Monday, October 25, 2010

Survival Horror... where is it headed?

A while back I posted an article called "Can we save the licensed horror game", which discussed the possibility of horror licensed games like Friday the 13th and Nightmare on Elm Street being made into video games using recent games as templates. This year I wanted to do something different. I've been spending a bit more time trying to figure out some things in order to better understand how horror should work in both movies and video games. Of course this is the secondary reason for my reviews of my personal favorite survival horror games; I wanted to dissect them in order to better convey my personal feelings on this subject. I've always been a fan of horror films, so It's nice to do something to give back to a genre that has given me so much over the years. In addition I'll throw you guys some sweet soundtracks to listen to my ranting to.. It's the least I can do for the price of reading overly neurotic postings.

The Essence of Fear

It's a given that Horror is very much a exploration of the unknown. There are things in this world that are explainable through things like modern science and technology, but that only makes up a fraction of what we really know about this world we live in. The reality of it is that we're constantly trying to come up with explanations for things that may just be beyond our own comprehension; like the hallway light that comes on for no reason at all , the strange creaking at night, or the door that slams upstairs. Naturally, those can be explained to some degree - Faulty wiring, A settling house, or Air currents, but this could be the mind's way of rationalizing things that obviously put us in a state of disturbance.

This is why Horror is such an interesting genre. The essence of horror is it's ability to prey on the fears of it's audience; whether that's by using the fear of the dark, the unknown or fear of something unsuspected to make us question it's more sinister properties. Each time we're scared we reel from the fear, and yet it's human nature to want to always come back for more, every time.  This is why there are so many haunted houses that pop up around this time, and why the most scary movies and games have an endless supply of sequels. Resident Evil comes to mind here, as it's the first game to coin the term "survival horror" despite being preceded by games like Alone in the Dark, Sweet Home, and the more popular, yet Japan centric Clock Tower. The first RE provided many things to fear. Slow moving zombies, jump scares in the T-Virus dogs that leap through the windows, and many of the other traps and puzzles that littered the mansion. Sure the game didn't take itself too seriously, either, and that might have added to the B-movie charm, but you can tell somewhere along the line that once it did take itself seriously is when it slowly leaned towards being action first and horror secondly (RE 5 is the biggest example, here). We'll discuss this a little later in the post.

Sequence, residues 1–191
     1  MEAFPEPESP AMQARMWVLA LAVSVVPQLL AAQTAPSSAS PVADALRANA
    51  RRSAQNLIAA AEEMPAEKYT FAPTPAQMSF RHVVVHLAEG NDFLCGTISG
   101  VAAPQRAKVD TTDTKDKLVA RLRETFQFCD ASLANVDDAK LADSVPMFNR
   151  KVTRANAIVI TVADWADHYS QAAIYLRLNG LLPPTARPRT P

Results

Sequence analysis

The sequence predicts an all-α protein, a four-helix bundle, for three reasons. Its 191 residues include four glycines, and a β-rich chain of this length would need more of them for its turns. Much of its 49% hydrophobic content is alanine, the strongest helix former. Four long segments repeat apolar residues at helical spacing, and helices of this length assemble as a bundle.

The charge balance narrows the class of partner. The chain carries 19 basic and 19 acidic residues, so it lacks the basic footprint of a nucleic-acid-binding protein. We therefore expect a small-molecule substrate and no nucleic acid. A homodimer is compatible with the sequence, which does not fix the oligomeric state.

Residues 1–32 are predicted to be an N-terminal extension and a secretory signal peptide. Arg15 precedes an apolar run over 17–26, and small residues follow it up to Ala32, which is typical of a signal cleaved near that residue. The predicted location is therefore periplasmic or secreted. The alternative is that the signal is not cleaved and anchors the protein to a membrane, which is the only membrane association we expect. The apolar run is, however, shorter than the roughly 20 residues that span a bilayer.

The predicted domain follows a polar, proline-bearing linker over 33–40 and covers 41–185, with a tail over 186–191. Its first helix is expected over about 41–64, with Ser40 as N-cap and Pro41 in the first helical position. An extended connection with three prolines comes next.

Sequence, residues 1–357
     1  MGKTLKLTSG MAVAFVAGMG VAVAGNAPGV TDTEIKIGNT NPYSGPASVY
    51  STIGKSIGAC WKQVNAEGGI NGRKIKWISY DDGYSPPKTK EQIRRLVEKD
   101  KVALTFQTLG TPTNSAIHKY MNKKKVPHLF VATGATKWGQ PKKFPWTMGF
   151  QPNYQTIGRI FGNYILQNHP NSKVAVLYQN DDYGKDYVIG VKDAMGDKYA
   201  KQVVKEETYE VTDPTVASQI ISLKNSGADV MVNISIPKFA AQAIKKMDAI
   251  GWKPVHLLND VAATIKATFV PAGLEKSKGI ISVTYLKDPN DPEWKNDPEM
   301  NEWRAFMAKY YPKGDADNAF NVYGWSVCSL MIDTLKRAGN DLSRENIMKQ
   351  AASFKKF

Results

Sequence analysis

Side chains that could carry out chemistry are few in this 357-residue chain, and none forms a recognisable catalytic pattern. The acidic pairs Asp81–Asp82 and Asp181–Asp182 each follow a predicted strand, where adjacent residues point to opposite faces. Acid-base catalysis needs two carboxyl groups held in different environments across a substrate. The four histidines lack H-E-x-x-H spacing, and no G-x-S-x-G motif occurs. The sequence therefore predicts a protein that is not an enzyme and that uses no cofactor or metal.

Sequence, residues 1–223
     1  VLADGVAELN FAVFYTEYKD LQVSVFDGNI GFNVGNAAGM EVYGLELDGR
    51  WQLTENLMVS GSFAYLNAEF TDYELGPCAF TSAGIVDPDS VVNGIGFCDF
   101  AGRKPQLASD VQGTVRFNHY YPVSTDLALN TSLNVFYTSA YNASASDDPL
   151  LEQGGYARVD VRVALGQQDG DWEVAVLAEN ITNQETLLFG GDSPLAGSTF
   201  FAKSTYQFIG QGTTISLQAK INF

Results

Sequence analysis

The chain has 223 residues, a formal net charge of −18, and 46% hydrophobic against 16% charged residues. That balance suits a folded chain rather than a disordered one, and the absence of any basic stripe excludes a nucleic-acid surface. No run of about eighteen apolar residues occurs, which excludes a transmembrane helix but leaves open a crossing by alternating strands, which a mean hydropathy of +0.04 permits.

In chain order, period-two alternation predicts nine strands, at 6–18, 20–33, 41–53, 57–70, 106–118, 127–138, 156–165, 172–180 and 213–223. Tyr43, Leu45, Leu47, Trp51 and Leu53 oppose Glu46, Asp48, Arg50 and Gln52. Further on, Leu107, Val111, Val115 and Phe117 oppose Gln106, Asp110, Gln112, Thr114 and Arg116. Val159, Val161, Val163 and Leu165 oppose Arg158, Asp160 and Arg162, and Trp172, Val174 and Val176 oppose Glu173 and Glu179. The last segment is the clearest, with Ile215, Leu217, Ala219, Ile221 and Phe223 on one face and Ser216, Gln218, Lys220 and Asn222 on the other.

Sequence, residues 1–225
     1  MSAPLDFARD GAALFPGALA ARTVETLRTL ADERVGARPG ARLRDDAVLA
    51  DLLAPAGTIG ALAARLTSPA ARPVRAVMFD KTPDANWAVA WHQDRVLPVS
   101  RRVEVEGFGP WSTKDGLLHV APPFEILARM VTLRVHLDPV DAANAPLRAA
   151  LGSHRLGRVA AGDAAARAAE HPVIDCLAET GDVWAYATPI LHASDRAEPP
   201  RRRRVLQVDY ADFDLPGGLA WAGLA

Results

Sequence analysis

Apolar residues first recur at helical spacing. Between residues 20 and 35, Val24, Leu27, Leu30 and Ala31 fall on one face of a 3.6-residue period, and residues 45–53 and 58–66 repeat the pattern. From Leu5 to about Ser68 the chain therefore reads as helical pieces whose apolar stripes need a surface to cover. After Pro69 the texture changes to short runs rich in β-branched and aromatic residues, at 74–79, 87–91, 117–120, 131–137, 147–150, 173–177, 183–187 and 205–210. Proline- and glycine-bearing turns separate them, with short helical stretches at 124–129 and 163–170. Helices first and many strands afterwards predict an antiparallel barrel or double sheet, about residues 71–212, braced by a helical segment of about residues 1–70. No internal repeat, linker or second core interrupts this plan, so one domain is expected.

Atmosphere and setting up suspense...

The mood of the scene, the setting, the sense that something is genuinely not right.. This is all Atmosphere, and suspense, which are largely IMO the cornerstones of horror. Establishing a general mood is essential to setting up a scare. This is something that movie makers understood in the past. And in games like Silent Hill this fact is extremely vital to making the games genuinely disturbing and yet strangely alluring. In Clock Tower you notice within the first three minutes of play that you're being lead into a confrontation with the game's secondary villain, 'Scissorman'. This is built up from the point you're walking through the corridor of the mansion until you reach either the first bathroom or the main foyer. The first Resident Evil does this as well, where you're lead through the mansion to witness one of your lost teammates being eaten by a zombie. There's a lot of build up that leads to that, and the payoff is very gratifying and sets an obvious tone of unease for the first half of the game.

Establishing a feeling of uneasiness should be the top priority for both filmmakers and developers when establishing tension and suspense. Even Alfred Hitchcock stated it best during one of his lectures at AFI